It isn’t easy to plan for retirement. Then there’s inflation, which eats away at your money. Then there are the dishonest bankers and brokers that are out to missell inappropriate products. When you combine this with a bias to invest in traditional assets such as gold and real estate, you have the makings of an unstable future. The silver lining is the two designated retirement vehicles, the lowly EPF and the more modern NPS. Both are evolving, with new features, options, and investment and withdrawal flexibility being added.
Though the concept of allowing EPF portability has been scrapped, think about how you can use it when preparing for your retirement.
Employee Provident Fund (EPF)
The monthly contribution to the Employees Provident Fund (EPF) is the only compulsory savings system for paid individuals. Every month, 12% of your primary income is deposited into your EPF account, along with a matching contribution from your employer. 8.33 per cent of the employer’s contribution goes into a pension vehicle called the Employee’s Pension Scheme (EPS). Not only is the donation tax-deductible under Section 80C, but so are the interest and money received from superannuation.
The EPF ensures that your payments advance in lockstep with your earnings. The outgo rises in lockstep with your income because the contribution is a predetermined percentage of the basics. This aspect is crucial for accumulating a sizable retirement planning. However, to get the most out of the EPF, keep the following considerations in mind:
- Keep the account open till retirement
Many people use their EPF funds to cover short-term expenses. Recent revisions to withdrawal rules may have made things a little easier. Partially early withdrawals from EPF are now permitted for a child’s marriage, higher education, and home down payment, subject to certain restrictions (see table). If a member has been unemployed for more than two months, they can withdraw the entire sum.
- EPF now fetches a much higher rate relative to PPF and other avenues
While some flexibility can benefit a genuine emergency, experts advise waiting until retirement to use your EPF funds. Allowing compounding to work its magic is the core of the EPF. Allowing the corpus to grow year after year with incremental contributions might produce tremendous advantages in the long run. For example, assuming a 5% annual increase in assistance, an individual with a base salary of Rs 15,000 and 30 years till retirement can accumulate a corpus of Rs 60.75 lakh at 58.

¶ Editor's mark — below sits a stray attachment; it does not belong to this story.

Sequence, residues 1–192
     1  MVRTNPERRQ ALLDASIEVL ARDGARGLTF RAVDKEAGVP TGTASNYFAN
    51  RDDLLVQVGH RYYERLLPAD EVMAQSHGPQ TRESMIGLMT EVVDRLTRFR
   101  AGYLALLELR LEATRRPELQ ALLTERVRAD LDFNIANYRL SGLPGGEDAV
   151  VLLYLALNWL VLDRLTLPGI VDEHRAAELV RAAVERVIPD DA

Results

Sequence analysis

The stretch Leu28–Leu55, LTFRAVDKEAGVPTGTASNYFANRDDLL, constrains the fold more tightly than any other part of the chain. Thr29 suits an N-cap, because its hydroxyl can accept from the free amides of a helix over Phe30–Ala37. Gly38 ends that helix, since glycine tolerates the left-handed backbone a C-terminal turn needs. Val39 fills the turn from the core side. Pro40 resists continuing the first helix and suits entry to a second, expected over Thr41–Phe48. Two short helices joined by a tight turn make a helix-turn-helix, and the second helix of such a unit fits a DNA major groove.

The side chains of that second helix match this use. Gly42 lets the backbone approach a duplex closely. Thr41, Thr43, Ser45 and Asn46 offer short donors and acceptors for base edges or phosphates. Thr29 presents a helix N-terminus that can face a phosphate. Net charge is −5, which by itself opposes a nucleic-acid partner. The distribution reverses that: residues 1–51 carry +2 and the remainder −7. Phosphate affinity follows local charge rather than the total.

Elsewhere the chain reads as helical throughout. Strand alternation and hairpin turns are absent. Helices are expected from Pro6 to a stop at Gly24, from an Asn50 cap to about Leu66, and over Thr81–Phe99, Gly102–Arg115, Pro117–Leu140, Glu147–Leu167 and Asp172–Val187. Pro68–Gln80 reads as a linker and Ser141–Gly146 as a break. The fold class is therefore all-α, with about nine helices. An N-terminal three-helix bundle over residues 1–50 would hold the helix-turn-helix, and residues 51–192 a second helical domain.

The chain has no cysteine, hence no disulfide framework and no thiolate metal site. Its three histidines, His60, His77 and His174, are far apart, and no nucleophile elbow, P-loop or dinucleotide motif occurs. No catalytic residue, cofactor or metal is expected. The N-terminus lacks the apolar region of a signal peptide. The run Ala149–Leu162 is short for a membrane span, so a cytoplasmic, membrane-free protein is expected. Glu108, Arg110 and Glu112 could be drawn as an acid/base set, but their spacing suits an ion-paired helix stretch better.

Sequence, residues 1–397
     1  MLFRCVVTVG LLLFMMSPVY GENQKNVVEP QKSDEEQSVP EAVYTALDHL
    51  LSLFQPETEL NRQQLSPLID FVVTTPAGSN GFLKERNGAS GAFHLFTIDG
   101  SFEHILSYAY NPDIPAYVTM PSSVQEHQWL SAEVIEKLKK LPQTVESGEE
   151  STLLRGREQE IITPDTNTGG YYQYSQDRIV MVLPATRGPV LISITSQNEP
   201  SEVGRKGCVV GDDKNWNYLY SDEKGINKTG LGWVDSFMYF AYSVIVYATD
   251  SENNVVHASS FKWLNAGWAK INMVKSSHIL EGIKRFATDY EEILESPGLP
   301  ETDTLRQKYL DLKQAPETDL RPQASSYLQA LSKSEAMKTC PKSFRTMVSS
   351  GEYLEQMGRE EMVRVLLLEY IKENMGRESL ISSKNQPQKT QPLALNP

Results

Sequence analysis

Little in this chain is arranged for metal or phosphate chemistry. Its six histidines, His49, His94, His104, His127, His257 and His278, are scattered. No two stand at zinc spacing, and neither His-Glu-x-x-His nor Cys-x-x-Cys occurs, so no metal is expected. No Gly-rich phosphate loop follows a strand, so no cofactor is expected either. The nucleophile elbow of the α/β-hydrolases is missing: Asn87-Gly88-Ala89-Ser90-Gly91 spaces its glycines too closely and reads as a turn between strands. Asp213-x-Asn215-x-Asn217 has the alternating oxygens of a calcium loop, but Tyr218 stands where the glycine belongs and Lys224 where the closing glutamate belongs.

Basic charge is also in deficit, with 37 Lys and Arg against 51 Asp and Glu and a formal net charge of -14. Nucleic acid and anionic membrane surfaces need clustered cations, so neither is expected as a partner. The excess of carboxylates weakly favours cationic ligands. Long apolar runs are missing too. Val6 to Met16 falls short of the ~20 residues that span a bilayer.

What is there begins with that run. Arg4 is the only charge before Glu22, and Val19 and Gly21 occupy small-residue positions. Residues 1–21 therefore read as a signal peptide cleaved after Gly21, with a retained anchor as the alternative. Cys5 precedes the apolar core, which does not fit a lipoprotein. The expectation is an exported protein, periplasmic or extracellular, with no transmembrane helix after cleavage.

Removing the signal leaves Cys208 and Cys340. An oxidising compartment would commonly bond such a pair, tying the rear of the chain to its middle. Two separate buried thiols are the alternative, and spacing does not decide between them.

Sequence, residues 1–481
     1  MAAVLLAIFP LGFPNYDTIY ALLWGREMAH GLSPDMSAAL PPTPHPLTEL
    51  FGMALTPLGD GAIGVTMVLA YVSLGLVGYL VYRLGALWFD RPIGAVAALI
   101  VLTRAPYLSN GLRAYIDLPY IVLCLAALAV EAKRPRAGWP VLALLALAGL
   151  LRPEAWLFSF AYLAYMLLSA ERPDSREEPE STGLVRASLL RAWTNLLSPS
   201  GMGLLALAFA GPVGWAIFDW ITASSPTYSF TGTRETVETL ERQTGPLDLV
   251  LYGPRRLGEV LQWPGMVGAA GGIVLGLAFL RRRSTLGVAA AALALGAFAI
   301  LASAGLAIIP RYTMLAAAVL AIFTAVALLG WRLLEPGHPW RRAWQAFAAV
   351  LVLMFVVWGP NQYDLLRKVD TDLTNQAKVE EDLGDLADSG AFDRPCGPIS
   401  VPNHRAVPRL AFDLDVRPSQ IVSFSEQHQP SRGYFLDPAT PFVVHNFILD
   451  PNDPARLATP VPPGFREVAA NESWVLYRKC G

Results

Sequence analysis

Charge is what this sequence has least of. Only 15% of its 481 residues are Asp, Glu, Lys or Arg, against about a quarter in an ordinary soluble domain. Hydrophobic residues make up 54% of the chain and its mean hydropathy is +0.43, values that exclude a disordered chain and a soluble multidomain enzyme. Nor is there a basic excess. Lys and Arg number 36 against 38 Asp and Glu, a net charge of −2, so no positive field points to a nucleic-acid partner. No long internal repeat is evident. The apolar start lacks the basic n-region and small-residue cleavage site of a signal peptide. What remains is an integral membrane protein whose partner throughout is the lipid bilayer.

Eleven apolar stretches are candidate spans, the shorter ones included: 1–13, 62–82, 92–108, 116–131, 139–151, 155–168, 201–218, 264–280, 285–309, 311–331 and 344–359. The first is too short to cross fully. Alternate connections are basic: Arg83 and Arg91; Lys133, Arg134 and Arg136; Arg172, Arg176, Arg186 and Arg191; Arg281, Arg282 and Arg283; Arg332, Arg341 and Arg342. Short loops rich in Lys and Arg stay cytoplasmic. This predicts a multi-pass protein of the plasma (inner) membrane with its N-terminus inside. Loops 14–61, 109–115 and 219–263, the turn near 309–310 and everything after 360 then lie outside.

The compounding benefits earned over the years are lost if the corpus is partially taken during the accumulation phase.
- Increase contribution through VPF
Some argue that the Voluntary Provident Fund should be expanded beyond the mandatory 12 per cent payment (VPF). The VPF is an EPF extension that allows you to invest above the 12 per cent limit while still receiving the same tax benefits and returns. The VPF does not have the same investment ceiling as the PPF, Rs 1.5 lakh per year. Furthermore, unlike PPF returns, which fluctuate according to 10-year government bond yields, VPF interest rates are the same as EPF. The current interest rate of 8.65% is significantly greater than the 7.9% offered by the PPF.
Increasing PF contributions will inevitably result in lower take-home pay. Experts argue that having a bit less purchasing power today is beneficial, as it may lead to more financial stability later.
- An account with jobs on rollover
Transfer your previous PF fund balance to your new employer while changing jobs. Withdrawing the entire balance is strictly prohibited. There are various disadvantages if the money is not transferred or withdrawn and is left inactive. To begin with, it may increase your tax liability. Even when you quit your job, the account continues to earn interest until you retire and become inactive. Even if you do not take money from the account, the interest component becomes taxable.
In addition, if the balance is not transferred, the five-year continuous service provision for tax exemption is reset to the new account’s start date.